- Action – the amount of money a player wagers during a playing session
- Camouflage – any action made by a skilled gambler to hide his activities from the casino.
- Eye in the sky – refers to surveillance cameras situated on the ceilings of the casino’s gaming area.
- Whale – a high roller
But, poker players have their own slang, jargon…..whatever you want to call it. And, Texas Hold’m leads them all.
Here’s a list of Texas Hold’em starting hands and how they got their names – a definitive list of names that are still actually used, and the convoluted (fancy word for “what may be a lie”) story behind them. Thanks to the work of Al Moe, here it is. Check out his Bio below his article before you leave.
Ace-Ace – Aces only come around about once in every 221 hands, so your really enjoy them, except when they get cracked (beaten). That’s why sometimes a player will say they had eggs, and they got scrambled. Other names for the best starting hand in the game are: pocket rockets, bullets, and the nuts.
Ace-King – Big Slick (Those Texas Boys again, when you’ve got a slick of oil coming up from the ground you are pretty happy – it’s almost as good as AA, but you ain’t got no cash yet).
Ace-Queen – Little Slick or Big Chick are the favorites, Killer Queen is a backup, because it loses to AK.
Ace-Jack – Blue Dot Cleanser (Ajax used to be in every American kitchen).
Ace-Deuce – Acey Deucy, Top and Bottom, No Field Goal (no kicker to go with the ace).
King-Queen – Royal Family, Marriage.
King-Jack – Kay Jay, Kojak (1970’s police show).
King-Nine – K9 (canine), Dog hand, Big Dog.
Queen-Queen – Ladies, Bitches,
Queen-Jack – Maverick (1950’s western “Living on Queens and Jacks”)
Queen-Ten – QT, on the QT (silently, secretly, especially since QT makes a nice straight that is often over looked).
Queen-Nine – Quinine (an early anti-malaria drug).
Queen-Seven – Computer Hand (1980’s computer simulation showed the hand to be right in the middle of all hands, a break-even hand).
Jack-Jack – Jakes, Meat hooks, Fish hooks, U-turn and 0 and 20 (never wins).
Jack-Five – Motown (Jackson Five).
Jack-Four – Tire changer (what’s a jack for?).
Ten-Ten – Audi (Audi TT), Dynamite (say it slow,TNT).
Ten-Five – Woolworths Five and Dime (old stores with lots of goods for five and ten cents)
Ten-Four – CB Hand, Good Buddy, Broderick Crawford (1950’s cop show using the term 10-4 which meant “everything is alright).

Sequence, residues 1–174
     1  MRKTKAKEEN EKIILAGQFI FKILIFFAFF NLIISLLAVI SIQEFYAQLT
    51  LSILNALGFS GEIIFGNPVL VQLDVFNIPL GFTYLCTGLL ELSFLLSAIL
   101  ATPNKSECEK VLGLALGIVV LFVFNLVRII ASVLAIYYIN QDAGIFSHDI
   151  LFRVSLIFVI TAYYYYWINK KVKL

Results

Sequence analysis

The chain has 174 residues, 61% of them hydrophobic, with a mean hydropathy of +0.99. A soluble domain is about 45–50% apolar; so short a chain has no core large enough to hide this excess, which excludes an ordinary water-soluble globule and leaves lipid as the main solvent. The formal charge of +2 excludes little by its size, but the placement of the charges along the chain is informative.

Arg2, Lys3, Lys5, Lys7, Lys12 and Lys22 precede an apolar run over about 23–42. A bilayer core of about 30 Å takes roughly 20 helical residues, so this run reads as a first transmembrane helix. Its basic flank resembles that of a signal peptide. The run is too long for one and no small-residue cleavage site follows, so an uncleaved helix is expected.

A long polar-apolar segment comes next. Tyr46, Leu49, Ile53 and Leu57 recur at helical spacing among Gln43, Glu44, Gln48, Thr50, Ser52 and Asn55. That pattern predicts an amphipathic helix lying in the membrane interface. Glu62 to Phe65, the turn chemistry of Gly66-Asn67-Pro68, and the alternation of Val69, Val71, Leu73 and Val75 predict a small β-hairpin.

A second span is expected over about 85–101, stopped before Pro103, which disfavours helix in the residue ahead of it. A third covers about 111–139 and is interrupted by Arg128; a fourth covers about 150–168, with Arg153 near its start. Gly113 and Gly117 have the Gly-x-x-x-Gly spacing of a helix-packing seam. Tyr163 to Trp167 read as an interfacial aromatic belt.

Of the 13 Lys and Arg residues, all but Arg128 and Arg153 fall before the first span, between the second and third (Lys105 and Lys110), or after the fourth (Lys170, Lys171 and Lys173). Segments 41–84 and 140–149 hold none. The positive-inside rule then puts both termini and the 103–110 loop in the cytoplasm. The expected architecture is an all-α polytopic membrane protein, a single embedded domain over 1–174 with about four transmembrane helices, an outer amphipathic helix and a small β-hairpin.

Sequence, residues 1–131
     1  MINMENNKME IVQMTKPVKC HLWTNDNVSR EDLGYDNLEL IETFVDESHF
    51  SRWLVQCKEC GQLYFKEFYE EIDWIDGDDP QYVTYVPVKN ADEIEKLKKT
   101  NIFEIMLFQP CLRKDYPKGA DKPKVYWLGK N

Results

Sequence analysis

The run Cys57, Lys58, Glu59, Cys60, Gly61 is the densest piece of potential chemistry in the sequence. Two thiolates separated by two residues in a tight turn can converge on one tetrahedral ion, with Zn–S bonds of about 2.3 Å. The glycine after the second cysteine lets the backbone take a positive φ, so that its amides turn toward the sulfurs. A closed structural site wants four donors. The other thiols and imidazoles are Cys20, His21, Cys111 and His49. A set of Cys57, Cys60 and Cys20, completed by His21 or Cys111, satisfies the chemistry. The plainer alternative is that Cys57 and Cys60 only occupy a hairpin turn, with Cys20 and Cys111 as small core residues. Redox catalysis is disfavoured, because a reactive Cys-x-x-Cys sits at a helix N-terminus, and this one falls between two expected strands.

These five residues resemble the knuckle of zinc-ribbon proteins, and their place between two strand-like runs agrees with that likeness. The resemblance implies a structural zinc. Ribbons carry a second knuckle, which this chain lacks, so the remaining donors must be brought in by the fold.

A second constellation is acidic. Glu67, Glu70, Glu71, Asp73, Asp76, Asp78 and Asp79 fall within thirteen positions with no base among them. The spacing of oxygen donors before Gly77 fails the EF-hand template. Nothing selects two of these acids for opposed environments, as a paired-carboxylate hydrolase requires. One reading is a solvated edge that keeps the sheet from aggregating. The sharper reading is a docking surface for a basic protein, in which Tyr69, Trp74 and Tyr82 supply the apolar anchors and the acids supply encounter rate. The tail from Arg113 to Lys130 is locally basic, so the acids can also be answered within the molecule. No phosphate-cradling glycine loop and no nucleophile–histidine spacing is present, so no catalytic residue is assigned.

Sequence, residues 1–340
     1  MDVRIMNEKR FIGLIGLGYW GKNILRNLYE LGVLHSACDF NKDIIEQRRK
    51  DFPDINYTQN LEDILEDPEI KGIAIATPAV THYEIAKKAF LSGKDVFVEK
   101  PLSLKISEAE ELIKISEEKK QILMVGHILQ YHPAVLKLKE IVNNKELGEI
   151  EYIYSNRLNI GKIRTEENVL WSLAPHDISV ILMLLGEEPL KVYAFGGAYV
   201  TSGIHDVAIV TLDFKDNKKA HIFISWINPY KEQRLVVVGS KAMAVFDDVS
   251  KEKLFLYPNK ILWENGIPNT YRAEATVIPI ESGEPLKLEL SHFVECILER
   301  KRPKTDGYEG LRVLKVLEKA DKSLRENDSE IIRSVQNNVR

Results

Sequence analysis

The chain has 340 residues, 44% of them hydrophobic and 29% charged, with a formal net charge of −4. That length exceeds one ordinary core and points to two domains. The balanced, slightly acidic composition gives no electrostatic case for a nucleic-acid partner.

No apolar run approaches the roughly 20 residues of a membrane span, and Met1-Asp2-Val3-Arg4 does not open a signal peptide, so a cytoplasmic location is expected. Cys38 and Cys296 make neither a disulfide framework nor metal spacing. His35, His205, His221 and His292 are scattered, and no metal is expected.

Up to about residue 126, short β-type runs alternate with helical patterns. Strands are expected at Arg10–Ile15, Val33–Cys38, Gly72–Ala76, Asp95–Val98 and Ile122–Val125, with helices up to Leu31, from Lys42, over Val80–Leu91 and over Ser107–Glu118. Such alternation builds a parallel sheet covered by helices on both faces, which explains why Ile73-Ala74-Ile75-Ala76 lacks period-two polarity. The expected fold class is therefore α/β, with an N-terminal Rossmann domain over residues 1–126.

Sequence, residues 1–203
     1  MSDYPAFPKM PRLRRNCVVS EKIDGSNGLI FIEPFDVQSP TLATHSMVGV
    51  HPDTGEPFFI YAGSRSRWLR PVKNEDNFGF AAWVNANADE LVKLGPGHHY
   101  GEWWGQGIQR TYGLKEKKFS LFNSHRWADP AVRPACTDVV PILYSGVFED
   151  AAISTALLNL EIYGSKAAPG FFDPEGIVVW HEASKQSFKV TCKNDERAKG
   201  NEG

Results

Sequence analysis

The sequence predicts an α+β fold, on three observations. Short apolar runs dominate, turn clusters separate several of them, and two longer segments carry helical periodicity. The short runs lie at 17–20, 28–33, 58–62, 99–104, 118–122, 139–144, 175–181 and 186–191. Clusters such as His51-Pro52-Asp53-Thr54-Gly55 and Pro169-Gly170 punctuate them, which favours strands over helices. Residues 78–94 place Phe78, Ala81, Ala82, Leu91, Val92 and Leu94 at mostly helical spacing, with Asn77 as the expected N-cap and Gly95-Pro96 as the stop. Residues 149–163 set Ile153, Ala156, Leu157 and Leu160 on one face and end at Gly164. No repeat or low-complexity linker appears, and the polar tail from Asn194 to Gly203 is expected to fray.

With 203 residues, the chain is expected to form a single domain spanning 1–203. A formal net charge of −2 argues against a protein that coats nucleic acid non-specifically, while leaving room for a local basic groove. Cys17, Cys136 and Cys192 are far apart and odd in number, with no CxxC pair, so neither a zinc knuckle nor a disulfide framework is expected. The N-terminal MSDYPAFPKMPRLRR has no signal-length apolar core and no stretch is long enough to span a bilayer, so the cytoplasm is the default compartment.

Ten-Two – Doyle Brunson (who won two WSOP Championships with 10-2 on the final hand).
Nine-Nine – Barbara Feldman (Played Agent 99 on 1960’s Get Smart TV Show), Gretzky (the Great One’s hockey number).
Nine-Eight – Ninety-eight, Oldsmobile (the Old’s 98 was a hot car starting in the late 1940’s)
Nine-Five – Workday, Dolly Parton (from the movie 9 to 5), Workin’ Man (song by Merle Haggerd)
Eight-Eight – Ovals (88 looks like to race tracks), Snowmen, Dog Balls, Piano Keys (88 keys).
Eight-Six – Maxwell Smart (Agent 86 on 1960’s TV show Get Smart).
Seven-Seven – Sunset Strip (1960’s TV show 77 Sunset Strip), Crutches, Hockey Sticks, Hammers.
Seven-Six – Union Oil (old gas chain was Union 76), Independence (US – 1776.)
Seven-Deuce – Hammer (you’ll get hammered if you play the worst hand in Texas Hold’em), Beer Hand (you’ll be out of the game and at the bar if you play the hand).
Six-Nine – Happy Meal, Big Lick (sexual reference).
Six-Six – Kicks (1950’s Chuck Berry Song, Get your Kicks on Route 66), Hard Road
Five-Five – Sammy Hagar (sang “I can’t drive, 55), Double nickle.
Five-Two – Bomber (as in B-52)
Four-Five – 45, Jessie James (was killed with a .45 caliber handgun).
Four-Four – Handgun, Magnum, Dirty Harry (1970’s Movies with Clint Eastwood, who used a .44 caliber Magnum handgun).
Three-Nine – Jack Benny (who always said he was 39 years old).
Three-Three – Craps (they look like ’em), short route (half of route 66).
Two-Four – Lumber Number (a two-by-four piece of wood).
Two-Two – Ducks, Quackers,
There are others, but those are the popular ones. Who knew playing Texas Hold’em had so many names for your two card hand. I’m still getting confused over Flop, Turn and River!
Special thanks to Al Moe for his many contributions to all levels of gamblers over the years. Moe is the author of Vegas and the Mob and has written for Gambling Times/Poker Player, Pokernews.com and Casino and Gaming Chips Magazine. His love for casinos and the history of gambling are only exceeded by the thrill he gets learning new casino games and his desire to teach new players how to get the most for their money at the casino. He writes the very fun & informative AboutCasinoGambling.com which is a great resource for some of the simplest or hardest questions you may have, and everything in between. Do yourself a favor and check his archives out.